Russia Has Changed the Game in Libya
Jan. 20, 2020 (EIRNS)—After Syria, Russia has proven to be the decisive power to stabilize another country devastated by “regime change” policy, according to EIR’s European Strategic Alert. The real architect of the Jan. 19 Berlin conference on Libya was Russia President Vladimir Putin, who dictated both the composition and the policy adopted. As Russia Acting Foreign Minister Sergey Lavrov told the press:
“It was thanks to our insistence that the organizers retreated from their original plan to convene a meeting without the Libyan parties and invited the Libyan leaders to the conference. ... The number of participants from among Libya’s neighbors was increased also at our initiative,”
he said, and stressing that it is important to take into account these nations’ interests to ensure the sustainability of any agreements.
He explained that the conference was the result of four months of preparatory efforts, including five preliminary rounds and consultations of senior officials.
The 55-point final document signed by all foreign participants has the potential for stabilizing Libya, rebuilding the unity of the country under the auspices of the UN and for an end to all foreign interference. However, that is only a starting point. The next step is to pass a resolution at the UN Security Council as a precondition to implementing a political process.
The final document calls for “the establishment of a functioning Presidency Council and the formation of a single, unified, inclusive and effective Libyan government approved by the House of Representatives.” As is known, the current, UN-recognized government in Tripoli has not been recognized by the House of Representatives, which sits in Benghazi. This passage sounds like Tripoli’s Prime Minister Fayez al-Sarraj will have to step aside. Furthermore, the document calls for “the restoration of the monopoly of the state to the legitimate use of force,” and confirms, “We support the establishment of unified Libyan national security, police and military forces under central, civilian authority, building upon the Cairo talks.”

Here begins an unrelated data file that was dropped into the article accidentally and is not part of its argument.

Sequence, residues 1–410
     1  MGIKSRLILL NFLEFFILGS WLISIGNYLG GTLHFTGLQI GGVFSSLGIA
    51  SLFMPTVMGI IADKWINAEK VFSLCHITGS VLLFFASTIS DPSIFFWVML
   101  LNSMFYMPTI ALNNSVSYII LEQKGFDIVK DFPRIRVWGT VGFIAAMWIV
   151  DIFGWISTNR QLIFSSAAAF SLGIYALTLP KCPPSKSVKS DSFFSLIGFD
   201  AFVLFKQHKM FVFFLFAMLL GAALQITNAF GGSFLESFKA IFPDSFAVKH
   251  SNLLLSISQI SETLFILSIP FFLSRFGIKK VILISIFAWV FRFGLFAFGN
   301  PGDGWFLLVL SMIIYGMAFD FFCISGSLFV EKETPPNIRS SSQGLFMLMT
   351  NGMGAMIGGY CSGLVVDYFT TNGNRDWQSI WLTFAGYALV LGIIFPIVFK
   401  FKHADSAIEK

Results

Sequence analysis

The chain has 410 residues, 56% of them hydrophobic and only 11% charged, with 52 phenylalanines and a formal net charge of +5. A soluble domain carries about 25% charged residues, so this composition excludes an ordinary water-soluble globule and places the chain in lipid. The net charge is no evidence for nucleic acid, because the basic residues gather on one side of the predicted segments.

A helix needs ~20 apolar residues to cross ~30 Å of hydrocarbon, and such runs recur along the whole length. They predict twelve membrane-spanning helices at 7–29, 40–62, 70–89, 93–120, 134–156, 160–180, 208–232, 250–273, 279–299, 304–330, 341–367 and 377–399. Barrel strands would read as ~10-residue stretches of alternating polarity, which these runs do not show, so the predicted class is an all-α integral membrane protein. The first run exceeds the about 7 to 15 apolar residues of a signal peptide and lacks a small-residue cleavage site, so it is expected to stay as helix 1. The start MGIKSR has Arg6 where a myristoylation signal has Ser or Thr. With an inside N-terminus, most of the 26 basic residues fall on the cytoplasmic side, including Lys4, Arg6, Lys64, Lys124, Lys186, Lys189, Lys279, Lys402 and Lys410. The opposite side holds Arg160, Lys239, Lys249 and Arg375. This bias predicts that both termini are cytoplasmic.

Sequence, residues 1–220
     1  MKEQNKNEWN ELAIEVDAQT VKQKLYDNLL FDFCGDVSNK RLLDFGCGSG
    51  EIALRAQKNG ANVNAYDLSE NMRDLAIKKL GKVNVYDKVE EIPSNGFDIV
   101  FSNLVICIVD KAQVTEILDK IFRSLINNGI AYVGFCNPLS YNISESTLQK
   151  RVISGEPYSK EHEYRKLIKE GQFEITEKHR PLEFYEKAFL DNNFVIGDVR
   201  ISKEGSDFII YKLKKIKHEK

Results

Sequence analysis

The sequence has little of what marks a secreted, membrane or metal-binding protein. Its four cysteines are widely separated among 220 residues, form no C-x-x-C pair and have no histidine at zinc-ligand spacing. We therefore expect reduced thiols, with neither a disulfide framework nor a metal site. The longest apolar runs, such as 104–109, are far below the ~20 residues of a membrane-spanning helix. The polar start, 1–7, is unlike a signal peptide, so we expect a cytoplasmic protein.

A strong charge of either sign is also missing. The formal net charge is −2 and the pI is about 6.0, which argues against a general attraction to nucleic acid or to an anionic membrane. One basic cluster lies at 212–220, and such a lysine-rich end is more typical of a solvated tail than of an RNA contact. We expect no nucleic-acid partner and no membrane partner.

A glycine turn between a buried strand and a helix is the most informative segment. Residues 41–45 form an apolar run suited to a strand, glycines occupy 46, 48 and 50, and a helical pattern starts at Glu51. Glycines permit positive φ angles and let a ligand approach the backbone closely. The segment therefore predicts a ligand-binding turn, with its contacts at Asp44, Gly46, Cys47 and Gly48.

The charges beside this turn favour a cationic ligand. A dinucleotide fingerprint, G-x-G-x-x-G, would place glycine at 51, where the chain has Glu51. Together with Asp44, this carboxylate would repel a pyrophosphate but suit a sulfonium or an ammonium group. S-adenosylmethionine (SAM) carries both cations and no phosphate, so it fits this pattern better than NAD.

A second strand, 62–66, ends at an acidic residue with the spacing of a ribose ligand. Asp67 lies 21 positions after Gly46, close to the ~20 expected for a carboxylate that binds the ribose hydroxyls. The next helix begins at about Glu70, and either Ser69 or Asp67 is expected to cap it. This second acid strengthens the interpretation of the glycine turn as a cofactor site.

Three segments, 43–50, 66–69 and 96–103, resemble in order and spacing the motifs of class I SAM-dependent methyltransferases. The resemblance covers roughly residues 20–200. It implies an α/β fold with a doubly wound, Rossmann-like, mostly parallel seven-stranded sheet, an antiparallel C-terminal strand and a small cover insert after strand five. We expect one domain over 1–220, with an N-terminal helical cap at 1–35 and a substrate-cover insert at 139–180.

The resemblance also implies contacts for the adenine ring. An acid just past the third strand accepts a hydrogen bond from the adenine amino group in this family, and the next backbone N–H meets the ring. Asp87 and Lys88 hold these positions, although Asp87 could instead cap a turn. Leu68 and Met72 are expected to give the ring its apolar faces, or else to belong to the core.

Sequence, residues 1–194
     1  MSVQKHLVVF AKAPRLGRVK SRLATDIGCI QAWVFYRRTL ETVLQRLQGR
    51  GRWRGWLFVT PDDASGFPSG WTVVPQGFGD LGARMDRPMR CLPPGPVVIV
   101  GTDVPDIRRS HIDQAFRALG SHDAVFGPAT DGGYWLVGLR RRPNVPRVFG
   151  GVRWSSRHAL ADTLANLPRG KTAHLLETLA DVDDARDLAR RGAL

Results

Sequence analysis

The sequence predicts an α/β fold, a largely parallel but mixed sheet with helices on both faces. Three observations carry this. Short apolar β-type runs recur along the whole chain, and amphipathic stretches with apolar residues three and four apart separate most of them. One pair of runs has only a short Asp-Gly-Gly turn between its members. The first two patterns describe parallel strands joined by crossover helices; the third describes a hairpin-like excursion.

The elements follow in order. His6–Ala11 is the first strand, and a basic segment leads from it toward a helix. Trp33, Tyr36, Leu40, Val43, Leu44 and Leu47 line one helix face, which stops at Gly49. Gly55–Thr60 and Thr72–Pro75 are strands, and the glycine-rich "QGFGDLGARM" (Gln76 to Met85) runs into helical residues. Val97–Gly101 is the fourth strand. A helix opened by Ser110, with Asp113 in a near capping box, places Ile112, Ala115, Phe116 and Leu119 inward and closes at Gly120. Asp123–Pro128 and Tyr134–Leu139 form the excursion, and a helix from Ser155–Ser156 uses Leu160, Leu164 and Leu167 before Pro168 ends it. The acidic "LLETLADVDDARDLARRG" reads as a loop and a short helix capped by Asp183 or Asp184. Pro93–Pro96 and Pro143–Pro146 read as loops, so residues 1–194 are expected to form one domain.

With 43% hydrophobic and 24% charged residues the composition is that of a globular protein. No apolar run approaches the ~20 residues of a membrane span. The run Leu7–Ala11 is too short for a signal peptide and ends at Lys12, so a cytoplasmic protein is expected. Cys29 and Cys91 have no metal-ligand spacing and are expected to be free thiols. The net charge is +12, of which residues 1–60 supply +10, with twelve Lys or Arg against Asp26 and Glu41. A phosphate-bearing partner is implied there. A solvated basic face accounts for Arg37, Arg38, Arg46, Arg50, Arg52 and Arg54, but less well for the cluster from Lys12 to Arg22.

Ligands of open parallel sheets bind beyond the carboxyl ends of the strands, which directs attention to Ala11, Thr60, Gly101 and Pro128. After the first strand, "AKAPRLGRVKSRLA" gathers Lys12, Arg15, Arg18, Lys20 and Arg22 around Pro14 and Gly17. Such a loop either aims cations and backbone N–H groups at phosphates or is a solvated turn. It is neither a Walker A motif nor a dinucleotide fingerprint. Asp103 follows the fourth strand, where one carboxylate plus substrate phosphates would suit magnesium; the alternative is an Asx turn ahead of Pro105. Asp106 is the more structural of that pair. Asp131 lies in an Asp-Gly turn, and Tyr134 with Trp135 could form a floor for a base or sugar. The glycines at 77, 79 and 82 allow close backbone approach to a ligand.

Although all foreign participants—including German Chancellor Angela Merkel, Turkish President Recep Tayyip Erdogan, French President Emmanuel Macron, British Prime Minister Boris Johnson, Italian Premier Giuseppe Conte, Egyptian President Abdel Fattah el-Sisi, Republic of Congo President Denis Sassou Nguesso, United Arab Emirates Foreign Minister Abdullah bin Zayed Al Nahyan, United States Secretary of State Michael Pompeo, China’s Director of the Office of Foreign Affairs of the Communist Party Yang Jiechi, and UN Secretary-General Antonio Guterres—have signed the Berlin document, neither Sarraj nor Haftar, who never sat in the same room, have underwritten it. However, it will be hard for them to withstand pressures from their main sponsors, Erdogan and Putin.
Both Haftar and Sarraj are expected to visit Moscow in the next period, Russian Presidential Special Envoy for the Middle East and Africa Deputy Foreign Minister Mikhail Bogdanov said, stressing that unlike Turkey, Russia has been able to speak with both of them, as well as with the Speaker of the Parliament Aguila Saleh Issa and head of Libya’s High Council of State Khaled al-Mishri.
It is now important to bring China into the equation, with the perspective of bringing Libya in the Belt and Road infrastructure development to guarantee that reconstruction and development take place concretely. No peace agreement can last without development.